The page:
Pterional Transzygomatic approach

Pterional Transzygomatic approach

This approach allows wide access to different topographic areas (clinoid process region and clinoidal ICA, the entire cavernous sinus (CS), and the posterior fossa from the interpeduncular fossa to the facial nerve) via a lateral trajectory 1).

see Pretemporal transzygomatic transcavernous approach

see Transzygomatic approach with anteriorly limited inferior temporal gyrectomy.



The patient is positioned in the supine position with the head attached to the table with a Mayfield skull clamp. The head is elevated and left parallel to the ground plane.


The incision starts at the level of the lower edge of the zygomatic arch, slightly anterior to the tragus, and extends behind the hairline towards the contralateral pupillary line. In patients with thick subcutaneous tissue, a preauricular incision can be extended downwards quite safely, up to 25 mm below the superior edge of the zygomatic arch.

The anteroposterior position of the incision will depend upon the type and location of the lesion to be treated.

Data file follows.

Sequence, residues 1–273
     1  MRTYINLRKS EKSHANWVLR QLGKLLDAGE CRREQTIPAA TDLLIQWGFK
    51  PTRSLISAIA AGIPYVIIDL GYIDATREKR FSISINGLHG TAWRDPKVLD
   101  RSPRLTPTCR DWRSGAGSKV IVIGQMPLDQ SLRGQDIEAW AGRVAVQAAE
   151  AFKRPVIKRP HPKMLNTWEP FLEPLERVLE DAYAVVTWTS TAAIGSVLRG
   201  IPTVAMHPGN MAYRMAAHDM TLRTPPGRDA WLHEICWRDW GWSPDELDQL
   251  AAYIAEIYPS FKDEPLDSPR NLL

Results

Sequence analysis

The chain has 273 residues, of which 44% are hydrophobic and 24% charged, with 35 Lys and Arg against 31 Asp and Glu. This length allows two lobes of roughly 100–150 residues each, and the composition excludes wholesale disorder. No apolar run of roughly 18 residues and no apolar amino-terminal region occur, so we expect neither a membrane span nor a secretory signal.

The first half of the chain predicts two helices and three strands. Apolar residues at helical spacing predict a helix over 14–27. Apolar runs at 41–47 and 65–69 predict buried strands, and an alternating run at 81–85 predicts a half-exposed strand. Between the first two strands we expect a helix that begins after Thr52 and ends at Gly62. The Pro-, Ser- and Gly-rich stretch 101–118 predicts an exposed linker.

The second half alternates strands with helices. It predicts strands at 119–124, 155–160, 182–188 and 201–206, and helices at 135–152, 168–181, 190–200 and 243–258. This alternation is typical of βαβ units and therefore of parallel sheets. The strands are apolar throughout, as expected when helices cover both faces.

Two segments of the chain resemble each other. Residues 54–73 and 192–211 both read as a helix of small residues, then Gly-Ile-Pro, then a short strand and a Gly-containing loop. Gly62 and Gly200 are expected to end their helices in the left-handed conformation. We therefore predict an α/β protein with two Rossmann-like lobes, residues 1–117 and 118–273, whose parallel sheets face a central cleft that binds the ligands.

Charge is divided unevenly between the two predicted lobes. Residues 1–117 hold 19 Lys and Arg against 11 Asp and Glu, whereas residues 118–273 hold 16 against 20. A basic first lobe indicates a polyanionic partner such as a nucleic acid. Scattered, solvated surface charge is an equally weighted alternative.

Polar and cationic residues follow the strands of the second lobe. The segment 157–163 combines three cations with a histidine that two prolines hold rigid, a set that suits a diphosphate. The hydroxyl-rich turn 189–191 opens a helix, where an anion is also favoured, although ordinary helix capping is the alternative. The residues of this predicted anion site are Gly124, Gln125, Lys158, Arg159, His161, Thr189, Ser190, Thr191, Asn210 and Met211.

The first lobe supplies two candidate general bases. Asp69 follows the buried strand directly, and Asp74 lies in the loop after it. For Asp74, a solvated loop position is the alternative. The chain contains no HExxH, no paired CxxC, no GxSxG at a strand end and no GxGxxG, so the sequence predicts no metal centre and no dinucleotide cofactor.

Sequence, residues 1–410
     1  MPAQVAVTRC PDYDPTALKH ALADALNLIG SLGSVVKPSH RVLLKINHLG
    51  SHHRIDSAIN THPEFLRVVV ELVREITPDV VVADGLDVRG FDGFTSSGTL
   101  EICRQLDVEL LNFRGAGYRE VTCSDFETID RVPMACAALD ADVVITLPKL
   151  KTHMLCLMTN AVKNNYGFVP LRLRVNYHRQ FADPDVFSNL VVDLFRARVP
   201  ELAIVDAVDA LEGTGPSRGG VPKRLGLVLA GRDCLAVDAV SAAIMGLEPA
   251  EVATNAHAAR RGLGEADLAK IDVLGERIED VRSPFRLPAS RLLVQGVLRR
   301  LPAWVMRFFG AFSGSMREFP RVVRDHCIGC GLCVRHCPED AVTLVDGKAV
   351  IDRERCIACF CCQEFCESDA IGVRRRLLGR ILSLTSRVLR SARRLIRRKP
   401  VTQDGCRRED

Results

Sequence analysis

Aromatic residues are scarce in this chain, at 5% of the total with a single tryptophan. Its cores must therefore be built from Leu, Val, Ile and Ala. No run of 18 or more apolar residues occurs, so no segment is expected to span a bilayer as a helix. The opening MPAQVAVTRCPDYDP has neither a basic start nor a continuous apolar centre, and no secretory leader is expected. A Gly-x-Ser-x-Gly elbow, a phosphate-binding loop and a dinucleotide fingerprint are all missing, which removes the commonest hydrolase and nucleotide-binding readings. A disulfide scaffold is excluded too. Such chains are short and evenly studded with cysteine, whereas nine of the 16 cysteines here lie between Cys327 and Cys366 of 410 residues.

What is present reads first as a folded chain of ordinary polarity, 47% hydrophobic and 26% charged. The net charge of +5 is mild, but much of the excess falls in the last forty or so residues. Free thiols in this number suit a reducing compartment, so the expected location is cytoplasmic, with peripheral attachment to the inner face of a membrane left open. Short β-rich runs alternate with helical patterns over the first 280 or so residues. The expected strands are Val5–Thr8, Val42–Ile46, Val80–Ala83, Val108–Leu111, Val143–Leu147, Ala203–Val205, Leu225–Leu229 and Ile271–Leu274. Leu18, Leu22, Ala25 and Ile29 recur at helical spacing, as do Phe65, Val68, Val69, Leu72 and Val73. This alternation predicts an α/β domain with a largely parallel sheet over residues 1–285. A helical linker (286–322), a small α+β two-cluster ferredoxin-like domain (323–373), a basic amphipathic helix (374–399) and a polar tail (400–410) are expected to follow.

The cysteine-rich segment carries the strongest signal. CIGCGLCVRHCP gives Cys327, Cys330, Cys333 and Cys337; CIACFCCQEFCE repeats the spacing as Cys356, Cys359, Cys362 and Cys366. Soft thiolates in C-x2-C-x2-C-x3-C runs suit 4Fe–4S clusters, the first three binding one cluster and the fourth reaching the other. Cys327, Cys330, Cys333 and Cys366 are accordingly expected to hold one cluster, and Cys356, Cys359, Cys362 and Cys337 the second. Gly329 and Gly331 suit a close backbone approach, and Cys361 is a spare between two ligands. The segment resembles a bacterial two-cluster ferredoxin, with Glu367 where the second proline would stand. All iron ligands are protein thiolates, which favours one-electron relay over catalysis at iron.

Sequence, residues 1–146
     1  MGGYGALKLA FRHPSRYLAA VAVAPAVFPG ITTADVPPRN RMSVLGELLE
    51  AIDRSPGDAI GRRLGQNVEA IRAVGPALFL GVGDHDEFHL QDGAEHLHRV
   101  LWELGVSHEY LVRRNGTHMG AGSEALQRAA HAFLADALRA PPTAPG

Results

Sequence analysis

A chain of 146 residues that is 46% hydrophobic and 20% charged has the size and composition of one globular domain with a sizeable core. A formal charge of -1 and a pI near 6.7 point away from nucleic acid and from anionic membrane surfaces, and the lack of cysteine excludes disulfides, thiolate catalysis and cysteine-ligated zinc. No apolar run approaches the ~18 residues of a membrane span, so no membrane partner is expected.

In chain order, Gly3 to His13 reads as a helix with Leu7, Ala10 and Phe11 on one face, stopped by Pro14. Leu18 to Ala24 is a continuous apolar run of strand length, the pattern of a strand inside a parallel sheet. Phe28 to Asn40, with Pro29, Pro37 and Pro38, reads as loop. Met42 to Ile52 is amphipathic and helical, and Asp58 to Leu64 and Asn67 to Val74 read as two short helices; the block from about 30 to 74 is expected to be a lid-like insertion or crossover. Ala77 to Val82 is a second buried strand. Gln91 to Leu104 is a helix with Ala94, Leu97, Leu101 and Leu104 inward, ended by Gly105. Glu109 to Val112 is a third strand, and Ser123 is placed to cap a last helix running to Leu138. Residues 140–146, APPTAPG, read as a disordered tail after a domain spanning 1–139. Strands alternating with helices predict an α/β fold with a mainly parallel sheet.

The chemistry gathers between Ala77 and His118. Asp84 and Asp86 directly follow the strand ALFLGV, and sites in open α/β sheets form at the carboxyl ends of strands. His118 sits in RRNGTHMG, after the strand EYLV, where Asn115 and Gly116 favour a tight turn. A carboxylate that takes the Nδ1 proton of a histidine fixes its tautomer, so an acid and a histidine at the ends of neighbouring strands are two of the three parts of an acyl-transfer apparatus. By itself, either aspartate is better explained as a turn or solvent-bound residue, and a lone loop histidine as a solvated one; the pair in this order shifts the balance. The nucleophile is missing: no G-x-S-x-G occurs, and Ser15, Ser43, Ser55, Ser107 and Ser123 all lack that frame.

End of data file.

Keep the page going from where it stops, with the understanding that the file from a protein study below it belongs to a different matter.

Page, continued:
Dissection of the soft tissues

The dissection of soft tissues starts with subgaleal disection until the fatty tissue over the temporal aponeurosis is recognized. This sector roughly corresponds to the anterior fourth of the temporal muscle and is located immediately posterior to the frontal branch of the superficial temporal artery. From there, an incision is made on the external layer of the temporal fascia which, together with the interfascial fat, is dissected anteriorly in that plane to protect the frontal branch of the facial nerve. In this inter- fascial space runs a small vein, perpendicular to the incision, which must be coagulated and cut. Afterwards, the orbital rim is exposed at the top of the field, with the zygomatic arch lying below.

Sectioning of the zygomatic arch

The zygomatic arch is sectioned with two vertical cuts: a posterior cut immediately before the temporo–mandibular joint; and an anterior cut just behind the union of the zygomatic arch and zygomatic bone. Thus, the zygomatic arch is moved downwards, together with the masseter muscle.